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The Making of a Divine Abode

By Parthiv N. Parekh Email By Parthiv N. Parekh
December 2011
The Making of a Divine Abode

A look at the architecture and iconography of Hindu temples in North America through the eyes of Adrian Smythies, the author of The Venkateshvara Temple in Riverdale, Georgia.  


Photo: The Balaji Temple of the Hindu Temple of Atlanta.

Driving down Georgia Highway 85 in Riverdale, south of Atlanta, the unsuspecting driver is sure to do a double take on seeing the pristine white projections of the Vishnu (Balaji) and Shiva temples, of which the former has dotted the landscape there for about 20 years now. Under the auspices of the Hindu Temple of Atlanta, these temples are akin to a slice of Chidambaram, Tamil Nadu—in the middle of this rural-to-suburban Georgia region.

The small but distinctive Garuda Temple in the form of a decorated chariot, set in front of the Balaji temple, serves as a befitting precursor of the art, architecture, and iconography of the various constructs of this temple complex that are a world apart from anything that its neighborhood had ever seen, or imagined it would ever see in its neck of the woods.

While this dramatic anomaly certainly lends intrigue to the temple, its marvel lies in the incredible imagination, resolve, and hard work that went into transporting the art and science of temple-building across the centuries and continents—from ancient South India to 21st century America. That is because temple architecture is governed by explicit rules laid out in the shastras and agamas (ancient Hindu texts). Translating these dictates across the hemispheres raises interesting questions and challenges.

It was just a matter of time before scholars—besides the trustees building these temples—took interest in this phenomenon of Hindu temple building in North America. In the last two decades dozens of temples of varying sizes and intricacies have been built on the continent—raising not only the curiosity of the lay passerby but also stoking the academic’s visceral urge to know about such a striking transference of heritage from the East to the West and from the ancient to the modern.

Adrian Smythies is one such scholar who has been studying the art and architecture of Hindu temples for years, and through his diligence and involvement, has elevated himself to an expert on the topic. Dr. B. K. Mohan, a founding trustee of the Hindu Temple of Atlanta, feels that Smythies has become an insider to the world of Hindu temple building, thanks to his all-out engagement with this world. “He travelled to India with Padmasri Muthiah, the Sthapathi (the master temple architect). He visited, at length, several temples in India to study their architecture. He spent time with the artisans working on the Hindu Temple of Atlanta,” observes Dr. Mohan.

The result spills into a 65-page paperback guidebook titled The Venkateshvara Temple in Riverdale, Georgia. Billed as a guide to the architecture and iconography of the temple, the book, Smythies believes, will serve those “who would like to enjoy a deeper appreciation of the timeless art expressed in the design, decoration and sculpture of this splendid building.” With over 50 illustrations, tables listing the sculptures on each region of the main hall, and a helpful glossary, the guide could be a treasure to both the pilgrim and the novice visitor.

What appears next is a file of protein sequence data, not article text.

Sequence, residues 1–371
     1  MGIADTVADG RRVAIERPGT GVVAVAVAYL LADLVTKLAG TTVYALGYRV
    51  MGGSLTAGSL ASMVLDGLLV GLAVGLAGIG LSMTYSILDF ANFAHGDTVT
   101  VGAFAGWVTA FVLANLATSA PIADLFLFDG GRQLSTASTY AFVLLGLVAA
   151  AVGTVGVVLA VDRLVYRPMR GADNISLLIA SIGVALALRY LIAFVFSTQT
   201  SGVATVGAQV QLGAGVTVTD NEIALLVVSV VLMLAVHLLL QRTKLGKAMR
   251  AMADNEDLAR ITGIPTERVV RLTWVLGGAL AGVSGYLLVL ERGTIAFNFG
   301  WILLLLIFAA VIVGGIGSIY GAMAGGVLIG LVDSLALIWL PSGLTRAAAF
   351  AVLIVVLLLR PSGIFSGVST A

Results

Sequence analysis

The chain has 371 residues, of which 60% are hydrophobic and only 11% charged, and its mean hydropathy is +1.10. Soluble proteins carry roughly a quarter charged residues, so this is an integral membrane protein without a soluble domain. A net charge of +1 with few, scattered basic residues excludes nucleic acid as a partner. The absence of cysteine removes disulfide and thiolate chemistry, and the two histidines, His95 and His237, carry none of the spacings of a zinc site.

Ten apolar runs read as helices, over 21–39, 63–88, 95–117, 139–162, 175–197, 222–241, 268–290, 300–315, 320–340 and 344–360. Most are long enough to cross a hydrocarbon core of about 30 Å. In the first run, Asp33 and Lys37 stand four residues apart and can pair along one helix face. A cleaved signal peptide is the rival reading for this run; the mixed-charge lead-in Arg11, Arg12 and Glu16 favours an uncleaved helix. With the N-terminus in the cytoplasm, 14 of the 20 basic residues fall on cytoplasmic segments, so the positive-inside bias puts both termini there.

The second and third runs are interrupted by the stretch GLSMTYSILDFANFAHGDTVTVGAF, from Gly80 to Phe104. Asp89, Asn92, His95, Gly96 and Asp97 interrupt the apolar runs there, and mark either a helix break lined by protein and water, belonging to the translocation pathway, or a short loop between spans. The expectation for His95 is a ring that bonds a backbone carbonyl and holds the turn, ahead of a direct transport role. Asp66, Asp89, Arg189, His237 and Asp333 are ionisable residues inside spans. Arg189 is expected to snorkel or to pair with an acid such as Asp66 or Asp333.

In an interview with Khabar Smythies shared his knowledge, while offering a clarification to inform the conversation that follows: “‘Hindu temples’ encompasses an enormously large field. ‘American Hindu temples’ is almost as extensive. There are perhaps more than 600 temples in the United States; they occupy office suites, strip mall units, corner shop sites, converted warehouses, former churches and synagogues, utilitarian buildings without distinguishing symbols, new age fantasies and on through to great marble and sandstone palaces being fine replicas of traditional temples. Of all these, there are about 40 that have been built over the last 30 years in traditional Indian temple architectural forms. Three-quarters of these are composed in a variant of a southern Indian architectural language, which I have dubbed ‘Modern Dravida.’ All this preamble leads to the point: when I talk of temples, I am usually referring only to American Modern Dravida temples.”

Your interest in the architecture of Hindu temples seems a bit offbeat for a British national who is now an American resident. Can you share how this journey began?

I became interested in Hindu temple architecture about five years ago while I was studying for the M.A. degree in Art History at the University of Alabama at Birmingham. While always interested in art, I had never looked at Asian art and so decided to take a course offered on Indian Architecture. This introduction was broad in scope, covering the gamut from rock-cut cave monuments to Le Corbusier’s work in Chandigarh. It was a revelation. I wrote my dissertation in 2006 on the temple at Eads (near Memphis, Tennessee), and have been studying American temples ever since.

Was an interest in Eastern spirituality a cause or an effect of your interest in the architecture of Hindu temples?
The art came first, but a true understanding of temple architecture and iconography is not reached without knowing something of Eastern spirituality. I have had to research the beliefs of different traditions, the Sri Vaishnavas, Vaikhanasas, Gaudiya Vaishnavas, Smartas and so on, the teachings of the main acharyas, the connections between kula-devata (family deities) and their patrons, etc., because this is all expressed in the temples. And I am very aware of only having just skimmed the surface of a very deep body of knowledge.